(Pat Fish explains the origins of the Jazz Butcher’s indie micro-hit, “Southern Mark Smith”…)
All right, here’s the thing: The phrase “Southern Mark Smith” came up some time in conversation and was duly seized upon. I think that it may well have been some kind of reference to Gerard Langley (of the Blue Aeroplanes). We’d been to see the Aeroplanes quite early on in their career on account of a review in the NME written by our pal Campbell Stevenson, which went under the headline: “Exploding! Plastic! In Bristol???” But, you know, Mark E. Smith is so stereotypically northern that the very phrase “southern Mark Smith” comes across to me like “lush Sahara” or “wise and noble Bush.” So there’s that too.
The tune got “written” into a tape recorder during the BBC evening news broadcast on Easter Sunday 1983. References to Lady Di had already been excised by the time we recorded the single version, which was at the beginning of September 1983.
Good. There’s that one wrapped up in a tidy little package. Now if someone cares to explain “I Need Meat…”
A little later…
I saw a bit of correspondence on the internet about this “Southern Mark Smith” business. Our dear friend Mister Berman appears to have had a fair stab at explaining what may or may not have been on my mind at the time (it is, frankly, not much use asking me at this advanced stage of the game…), but then another fellow (Hank, is it?) steps in with some rather more speculative stuff about one “McGinty.”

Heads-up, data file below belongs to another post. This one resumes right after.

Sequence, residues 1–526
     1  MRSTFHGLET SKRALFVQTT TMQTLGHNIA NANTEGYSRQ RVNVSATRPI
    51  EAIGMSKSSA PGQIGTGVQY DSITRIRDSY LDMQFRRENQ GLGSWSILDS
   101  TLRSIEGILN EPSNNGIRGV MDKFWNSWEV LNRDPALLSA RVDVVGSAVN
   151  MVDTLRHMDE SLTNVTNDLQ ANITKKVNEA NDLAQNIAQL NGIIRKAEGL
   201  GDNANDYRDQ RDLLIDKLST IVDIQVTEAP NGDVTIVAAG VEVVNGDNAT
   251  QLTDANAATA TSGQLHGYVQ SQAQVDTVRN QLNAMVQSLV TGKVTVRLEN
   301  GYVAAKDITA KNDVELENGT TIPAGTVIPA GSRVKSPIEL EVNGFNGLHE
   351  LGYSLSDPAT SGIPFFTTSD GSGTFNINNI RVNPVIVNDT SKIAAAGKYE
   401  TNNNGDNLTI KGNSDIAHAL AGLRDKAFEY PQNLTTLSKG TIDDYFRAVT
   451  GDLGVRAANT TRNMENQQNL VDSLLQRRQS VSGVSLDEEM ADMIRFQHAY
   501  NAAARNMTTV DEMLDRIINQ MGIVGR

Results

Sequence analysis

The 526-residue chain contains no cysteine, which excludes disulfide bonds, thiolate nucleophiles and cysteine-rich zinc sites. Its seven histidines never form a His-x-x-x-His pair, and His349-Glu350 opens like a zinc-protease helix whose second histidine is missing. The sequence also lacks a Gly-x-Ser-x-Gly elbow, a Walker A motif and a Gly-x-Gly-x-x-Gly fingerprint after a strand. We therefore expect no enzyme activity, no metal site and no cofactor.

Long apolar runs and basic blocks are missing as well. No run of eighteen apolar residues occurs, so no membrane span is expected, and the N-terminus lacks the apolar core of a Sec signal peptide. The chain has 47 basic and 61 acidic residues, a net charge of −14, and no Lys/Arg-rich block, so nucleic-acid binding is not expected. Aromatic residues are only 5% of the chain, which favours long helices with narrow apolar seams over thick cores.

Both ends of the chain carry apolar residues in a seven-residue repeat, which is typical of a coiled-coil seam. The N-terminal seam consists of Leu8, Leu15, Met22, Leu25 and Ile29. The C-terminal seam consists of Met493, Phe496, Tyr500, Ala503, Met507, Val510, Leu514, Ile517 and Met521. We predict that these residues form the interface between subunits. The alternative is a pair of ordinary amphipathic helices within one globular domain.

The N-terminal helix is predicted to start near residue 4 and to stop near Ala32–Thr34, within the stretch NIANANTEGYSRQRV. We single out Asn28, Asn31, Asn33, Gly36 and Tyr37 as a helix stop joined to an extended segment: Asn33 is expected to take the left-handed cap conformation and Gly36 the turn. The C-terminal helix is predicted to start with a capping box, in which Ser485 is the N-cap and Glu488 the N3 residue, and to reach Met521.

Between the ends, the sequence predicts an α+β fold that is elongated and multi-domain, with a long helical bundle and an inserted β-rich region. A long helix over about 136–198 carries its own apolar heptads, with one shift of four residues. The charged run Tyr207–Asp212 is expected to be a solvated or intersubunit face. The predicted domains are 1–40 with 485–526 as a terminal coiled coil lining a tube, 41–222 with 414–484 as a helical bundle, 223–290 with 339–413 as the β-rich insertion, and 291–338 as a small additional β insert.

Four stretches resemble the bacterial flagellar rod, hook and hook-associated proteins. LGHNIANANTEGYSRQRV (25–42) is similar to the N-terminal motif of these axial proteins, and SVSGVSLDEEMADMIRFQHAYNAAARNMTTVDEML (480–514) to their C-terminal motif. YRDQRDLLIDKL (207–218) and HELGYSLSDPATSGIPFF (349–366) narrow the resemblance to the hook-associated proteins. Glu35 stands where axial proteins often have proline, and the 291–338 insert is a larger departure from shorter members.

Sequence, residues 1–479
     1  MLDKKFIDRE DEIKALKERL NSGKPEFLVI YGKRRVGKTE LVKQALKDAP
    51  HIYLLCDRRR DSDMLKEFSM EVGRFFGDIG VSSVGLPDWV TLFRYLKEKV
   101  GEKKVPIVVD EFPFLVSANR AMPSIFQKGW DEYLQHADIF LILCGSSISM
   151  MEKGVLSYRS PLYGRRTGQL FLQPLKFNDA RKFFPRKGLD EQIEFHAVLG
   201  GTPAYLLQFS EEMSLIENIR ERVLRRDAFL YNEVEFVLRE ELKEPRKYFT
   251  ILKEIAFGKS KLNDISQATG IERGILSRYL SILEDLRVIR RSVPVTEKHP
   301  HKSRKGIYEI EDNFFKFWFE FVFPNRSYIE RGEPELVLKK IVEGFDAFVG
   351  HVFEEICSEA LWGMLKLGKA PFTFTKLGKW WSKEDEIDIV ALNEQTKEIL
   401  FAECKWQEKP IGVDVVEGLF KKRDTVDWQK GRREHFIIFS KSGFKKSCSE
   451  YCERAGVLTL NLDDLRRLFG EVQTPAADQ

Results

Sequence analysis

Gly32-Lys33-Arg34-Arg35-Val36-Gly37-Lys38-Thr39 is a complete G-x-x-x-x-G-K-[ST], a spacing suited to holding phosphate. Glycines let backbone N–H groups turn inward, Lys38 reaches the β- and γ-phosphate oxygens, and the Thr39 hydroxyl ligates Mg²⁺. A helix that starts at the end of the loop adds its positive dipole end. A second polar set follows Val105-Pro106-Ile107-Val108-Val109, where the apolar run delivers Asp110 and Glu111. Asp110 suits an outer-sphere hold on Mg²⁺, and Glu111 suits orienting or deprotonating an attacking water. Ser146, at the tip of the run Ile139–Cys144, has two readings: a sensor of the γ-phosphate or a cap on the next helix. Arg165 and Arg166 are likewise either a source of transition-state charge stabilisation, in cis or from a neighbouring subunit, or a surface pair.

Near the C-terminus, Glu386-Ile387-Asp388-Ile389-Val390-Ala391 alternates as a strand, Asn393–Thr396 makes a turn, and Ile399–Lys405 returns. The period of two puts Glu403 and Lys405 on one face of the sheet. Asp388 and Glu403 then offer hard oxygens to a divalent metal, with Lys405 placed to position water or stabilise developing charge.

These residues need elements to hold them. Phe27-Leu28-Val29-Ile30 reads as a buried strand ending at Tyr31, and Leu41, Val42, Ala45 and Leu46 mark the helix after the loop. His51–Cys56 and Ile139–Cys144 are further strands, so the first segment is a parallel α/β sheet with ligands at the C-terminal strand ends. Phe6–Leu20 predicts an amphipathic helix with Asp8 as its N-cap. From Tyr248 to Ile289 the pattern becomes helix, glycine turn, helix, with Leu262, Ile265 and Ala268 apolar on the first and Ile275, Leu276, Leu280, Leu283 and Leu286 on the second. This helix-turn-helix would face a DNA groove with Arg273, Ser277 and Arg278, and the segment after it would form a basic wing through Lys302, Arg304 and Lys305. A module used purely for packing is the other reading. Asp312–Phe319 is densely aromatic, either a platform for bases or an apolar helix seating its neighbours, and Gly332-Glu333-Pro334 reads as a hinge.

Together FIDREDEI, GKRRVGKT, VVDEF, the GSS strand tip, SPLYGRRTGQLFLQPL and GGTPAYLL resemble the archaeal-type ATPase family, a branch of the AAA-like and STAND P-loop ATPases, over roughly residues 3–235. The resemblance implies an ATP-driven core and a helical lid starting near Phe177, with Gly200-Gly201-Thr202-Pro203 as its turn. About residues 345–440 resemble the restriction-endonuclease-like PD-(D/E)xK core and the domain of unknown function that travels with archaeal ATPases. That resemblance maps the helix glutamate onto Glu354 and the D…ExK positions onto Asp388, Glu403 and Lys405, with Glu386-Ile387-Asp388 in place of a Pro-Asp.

Our pal is referring to “Pat, Trip Dispenser,” which was the B-side to the Fall’s single “C.R.E.E.P.” Towards the end of the tune, things go quiet and Mister Smith is heard intoning (and I write from memory), “McGinty thought he could fool the Fall with his imitation speed!” (My memory is about 100% on this one, though.)
Now, “C.R.E.E.P.” came out not long after we had recorded “Southern Mark Smith.” Somebody at JBC Central (Mitch?) brought home a copy. We heard the B-side and were struck down with fear, for we ourselves were not sure whether somebody was having a pop at our gang (with Lolo McGinty) or not. The man on the website clearly felt the same way, for he writes authoritatively for anyone who is paying attention that the McGinty hereinabove referred to was indeed the talented wee monkey boy who played bass for us.
You can see what is going on here – there is a “Pat” in the title, a “McGinty” in the lyric and it came out about the same time as our “Smith” record. You can see the way that Hank’s mind is working here, can’t you, Mister Holmes?
Trouble is… it’s not right. “Pat, Trip Dispenser” was already in the can before the Fall even heard our record. It is therefore definitely NOT an “answer record” to “Southern Mark Smith.” And, as ever, the clue is in the title. Those who know the history of the Fall well will tell you that the song is, in fact, a blast at infamous Manchester dealer, Pat McGinty. (Oh yeah – Pat, Trip Dispenser!) There had been a bit of customer dissatisfaction on the band’s part, and this was their way of getting back at the naughty pharmacist (no, don’t start…)
So there you have it. Not the Jazz Butcher, but some dodgy Mancunian cunt. Hope that clears things up.